UPDATE: Okay! After looking at the slo-mo videos of rear-facing car crash dummies — yikes! — I believe I would abide by the new guidelines if my kids were younger. In fact, my mom employed some kind of prot0 carseat when I was two, and this saved me when we tumbled off the highway.  Seatbelts saved her and my cousin. So I have always advocated for car seats (see statement on the left of my page that has been there since the beginning of this blog!). The reason I liked the column I quote here is that it uses this new edict as a jumping off point for asking if there is ever a point at which “very, very safe” is safe enough. Perhaps there isn’t, at least not when ensuring the extra safety involves something as simple as a new car seat position.  But it’s a question I ask a lot. Should we require videocameras on all rear bumpers? Should we redesign the hotdog? Should we get rid of trampolines? Does it ever make sense not to embrace new safety notions?

I don’t have the answer to all these questions but I do love trying to figure out what makes sense,  and what doesn’t. So while kids are already very safe in car seats — something to remember! —  you have convinced me that the rear-facing seat protects kids without changing childhood.  Let’s figure out everything else! — L

High-Functioning and Free-Range

Hi Readers: Here’s a nice reminder that Free-Rangers come in all shapes, sizes, ages and descriptions. — L

Dear Free-Range Kids: I have a 14-year-old daughter with high functioning autism. This weekend, she had a little get-together at a arcade-type facility for her birthday. It is pretty large but very safe: games, rides, laser tag, etc. She was waiting in line with her 25-year-old friend with Down Syndrome for a carousel ride.

I work very hard to make my daughter as independent as possible. My mother (her grandmother)  was with us at the party, but she needed to leave. I had to retrieve something from her car. “What about the girls???” she gasped.  I said they’d be fine for five minutes. She flipped out. “No! We can’t leave them alone!”

I found this very frustrating and said so. Argued that there were NOT child molesters roaming the facility and that they would be fine for five minutes. (Neither of them wander and both were eager for the carousel ride). “You don’t know that! Child molesters love places where children gather,” said my mom.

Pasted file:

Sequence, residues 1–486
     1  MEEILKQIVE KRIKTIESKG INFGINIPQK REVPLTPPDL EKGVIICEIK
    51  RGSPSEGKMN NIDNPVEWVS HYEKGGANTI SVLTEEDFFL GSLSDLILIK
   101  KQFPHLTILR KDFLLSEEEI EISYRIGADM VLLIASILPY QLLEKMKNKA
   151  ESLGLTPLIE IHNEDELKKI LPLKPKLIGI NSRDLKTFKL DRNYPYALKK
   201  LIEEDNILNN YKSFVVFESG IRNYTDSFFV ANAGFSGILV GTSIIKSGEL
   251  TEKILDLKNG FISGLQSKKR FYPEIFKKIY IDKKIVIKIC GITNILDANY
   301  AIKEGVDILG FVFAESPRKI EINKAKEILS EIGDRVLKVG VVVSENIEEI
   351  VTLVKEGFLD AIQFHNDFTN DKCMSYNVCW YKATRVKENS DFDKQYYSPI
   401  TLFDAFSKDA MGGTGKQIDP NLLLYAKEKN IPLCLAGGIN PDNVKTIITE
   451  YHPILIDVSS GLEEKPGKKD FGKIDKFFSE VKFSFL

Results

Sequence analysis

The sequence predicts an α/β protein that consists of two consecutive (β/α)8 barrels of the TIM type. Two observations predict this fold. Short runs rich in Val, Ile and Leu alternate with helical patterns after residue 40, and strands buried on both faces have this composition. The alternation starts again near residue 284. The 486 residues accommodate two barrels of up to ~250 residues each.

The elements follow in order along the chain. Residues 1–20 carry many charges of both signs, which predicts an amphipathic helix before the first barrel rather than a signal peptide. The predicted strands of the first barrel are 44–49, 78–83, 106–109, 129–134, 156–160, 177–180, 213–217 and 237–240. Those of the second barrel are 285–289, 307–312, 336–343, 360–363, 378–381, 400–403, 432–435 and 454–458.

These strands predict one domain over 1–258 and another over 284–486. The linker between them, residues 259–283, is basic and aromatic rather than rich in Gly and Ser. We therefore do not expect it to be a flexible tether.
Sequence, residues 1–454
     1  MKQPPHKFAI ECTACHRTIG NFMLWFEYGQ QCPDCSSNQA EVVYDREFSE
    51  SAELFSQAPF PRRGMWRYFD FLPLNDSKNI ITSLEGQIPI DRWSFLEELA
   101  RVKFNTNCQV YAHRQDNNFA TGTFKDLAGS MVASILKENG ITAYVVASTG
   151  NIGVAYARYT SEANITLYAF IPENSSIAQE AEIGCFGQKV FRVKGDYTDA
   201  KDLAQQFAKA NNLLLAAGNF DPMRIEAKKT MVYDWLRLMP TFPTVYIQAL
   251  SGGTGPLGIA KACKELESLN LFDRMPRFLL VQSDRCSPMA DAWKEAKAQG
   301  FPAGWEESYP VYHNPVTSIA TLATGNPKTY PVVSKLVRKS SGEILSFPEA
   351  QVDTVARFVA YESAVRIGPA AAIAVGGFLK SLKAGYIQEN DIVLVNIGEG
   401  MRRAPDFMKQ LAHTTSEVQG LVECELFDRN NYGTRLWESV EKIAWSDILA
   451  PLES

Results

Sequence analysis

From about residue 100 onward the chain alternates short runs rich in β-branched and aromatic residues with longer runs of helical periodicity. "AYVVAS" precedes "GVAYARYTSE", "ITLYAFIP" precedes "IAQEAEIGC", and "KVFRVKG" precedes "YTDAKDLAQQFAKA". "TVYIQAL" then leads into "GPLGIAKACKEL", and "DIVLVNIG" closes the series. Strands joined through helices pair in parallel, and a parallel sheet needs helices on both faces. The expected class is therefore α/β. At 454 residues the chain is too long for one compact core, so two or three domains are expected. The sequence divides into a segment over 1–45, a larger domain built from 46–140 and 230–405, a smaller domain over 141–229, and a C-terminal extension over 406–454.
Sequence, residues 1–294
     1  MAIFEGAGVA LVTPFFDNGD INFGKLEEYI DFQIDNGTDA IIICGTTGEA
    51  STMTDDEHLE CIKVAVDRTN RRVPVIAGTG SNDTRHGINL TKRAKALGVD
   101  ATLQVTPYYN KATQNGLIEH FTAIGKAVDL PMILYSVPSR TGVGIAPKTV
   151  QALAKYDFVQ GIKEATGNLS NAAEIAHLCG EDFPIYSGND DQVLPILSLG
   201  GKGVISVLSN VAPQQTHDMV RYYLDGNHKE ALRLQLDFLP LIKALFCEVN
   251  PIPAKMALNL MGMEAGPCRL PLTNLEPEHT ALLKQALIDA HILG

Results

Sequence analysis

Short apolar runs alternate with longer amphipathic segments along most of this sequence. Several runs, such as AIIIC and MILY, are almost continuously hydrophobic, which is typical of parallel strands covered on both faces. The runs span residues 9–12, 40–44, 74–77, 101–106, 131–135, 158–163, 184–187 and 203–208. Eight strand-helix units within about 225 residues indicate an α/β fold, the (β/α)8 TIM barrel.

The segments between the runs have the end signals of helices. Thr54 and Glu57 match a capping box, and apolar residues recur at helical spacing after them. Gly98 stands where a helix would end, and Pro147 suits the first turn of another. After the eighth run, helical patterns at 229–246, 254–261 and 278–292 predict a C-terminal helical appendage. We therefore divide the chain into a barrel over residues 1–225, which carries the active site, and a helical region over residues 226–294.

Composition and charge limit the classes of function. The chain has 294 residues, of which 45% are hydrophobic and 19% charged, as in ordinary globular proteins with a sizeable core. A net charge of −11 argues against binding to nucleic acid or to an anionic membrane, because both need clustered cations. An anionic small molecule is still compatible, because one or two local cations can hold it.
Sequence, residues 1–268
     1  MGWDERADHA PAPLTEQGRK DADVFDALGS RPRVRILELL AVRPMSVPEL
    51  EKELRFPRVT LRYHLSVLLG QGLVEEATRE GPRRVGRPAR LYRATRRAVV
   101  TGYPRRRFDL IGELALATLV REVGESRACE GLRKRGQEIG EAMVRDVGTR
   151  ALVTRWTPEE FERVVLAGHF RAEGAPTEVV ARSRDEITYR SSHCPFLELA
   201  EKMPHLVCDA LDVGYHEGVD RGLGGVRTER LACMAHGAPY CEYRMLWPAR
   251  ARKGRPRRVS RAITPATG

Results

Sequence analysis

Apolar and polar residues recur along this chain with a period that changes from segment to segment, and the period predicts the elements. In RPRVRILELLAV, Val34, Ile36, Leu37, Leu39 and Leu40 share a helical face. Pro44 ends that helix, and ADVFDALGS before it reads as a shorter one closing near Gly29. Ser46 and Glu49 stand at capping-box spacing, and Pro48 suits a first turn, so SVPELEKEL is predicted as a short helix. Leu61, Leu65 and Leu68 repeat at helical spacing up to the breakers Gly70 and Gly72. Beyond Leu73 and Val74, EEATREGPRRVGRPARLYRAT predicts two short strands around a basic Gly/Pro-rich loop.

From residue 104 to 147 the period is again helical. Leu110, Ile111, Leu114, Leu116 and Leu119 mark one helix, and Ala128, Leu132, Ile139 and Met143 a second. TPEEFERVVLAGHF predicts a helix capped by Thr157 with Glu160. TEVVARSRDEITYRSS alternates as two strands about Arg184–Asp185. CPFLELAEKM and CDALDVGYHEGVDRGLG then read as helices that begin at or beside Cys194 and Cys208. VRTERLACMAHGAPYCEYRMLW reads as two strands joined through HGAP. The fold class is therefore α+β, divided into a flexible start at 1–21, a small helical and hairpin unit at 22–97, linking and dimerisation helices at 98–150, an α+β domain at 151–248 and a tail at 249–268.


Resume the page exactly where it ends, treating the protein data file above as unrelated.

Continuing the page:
Maybe. Perhaps. But secure in the fact that they would not get far in less than five minutes, I took my mother by the elbow, led her downstairs, retrieved the item, and calmly went BACK upstairs.

Surprise! The girls were on the carousel, waving to me, and happy as could be.

I will continue to foster my daughter’s independence.  — Jamie Wheeler

Danger! Danger! Juveniles Wandering!

Hi Readers — One of you sent this in. We are living in scary times,indeed!

From our local police blotter:

  • Petty theft from unlocked vehicle on Coventry Road.
  • A resident reported juveniles wandering the street on Ocean View Avenue.
  • In a lucky find, the owner of a stolen vehicle from Coventry Road found it in Emeryville, and drove it home to Kensington.


Losing Track of My Kid — And Staying Calm

Hi Readers! You’ll like this! L.

Dear Free-Range Kids: Just wanted to thank you. On Saturday I misplaced my 6-year-old son for half an hour, long enough that we had the museum staff and state park ranger looking with us–long enough for most people to completely panic themselves and everyone around them. But I reminded myself that he loves being independent and was likely not freaked out, and most importantly, I remembered the point you make over and over: People are kind and caring. I don’t know a single person who wouldn’t help a misplaced child, including people I know who’ve gone to jail. That thought was a mantra for me to keep calm, so that when we did locate him (after walking to the nearby park that was not the park we were planning to go to he went back to the car, figuring we’d show up there eventually) I wasn’t out of my mind. If I’d started freaking out, I would have made him think the world is a scary place when really, nothing bad had happened. Thank you! — A Calm Mom

“Do the Right Thing.” Yeah — But What Is It?

Hi Readers! Here’s a brilliant note from a gal named Ann:

Dear Free-Range Kids. Here’s a Liberty Mutual ad with the tag line “Do the right thing.” The situation is a mom picking up her two kids from soccer. They’re late and need to get to the airport. But another kid is still sitting on the bench waiting for his dad. It’s almost dusk and the kid is probably 10-12. Should the mom leave him ALONE at the field? Or should she forgo getting to the airport to make sure that the kid isn’t unattended. Guess what the “right thing” is!

Right — because calling the dad to make sure he’s on his way would be too sensible. So would leaving the kid there for a few minutes, because that’s what the ring of predators around the field is waiting for you to do. Basically, you should totally capsize your day and leave someone at the airport waiting (or let ’em miss their plane) because otherwise you are a bad person. — Ann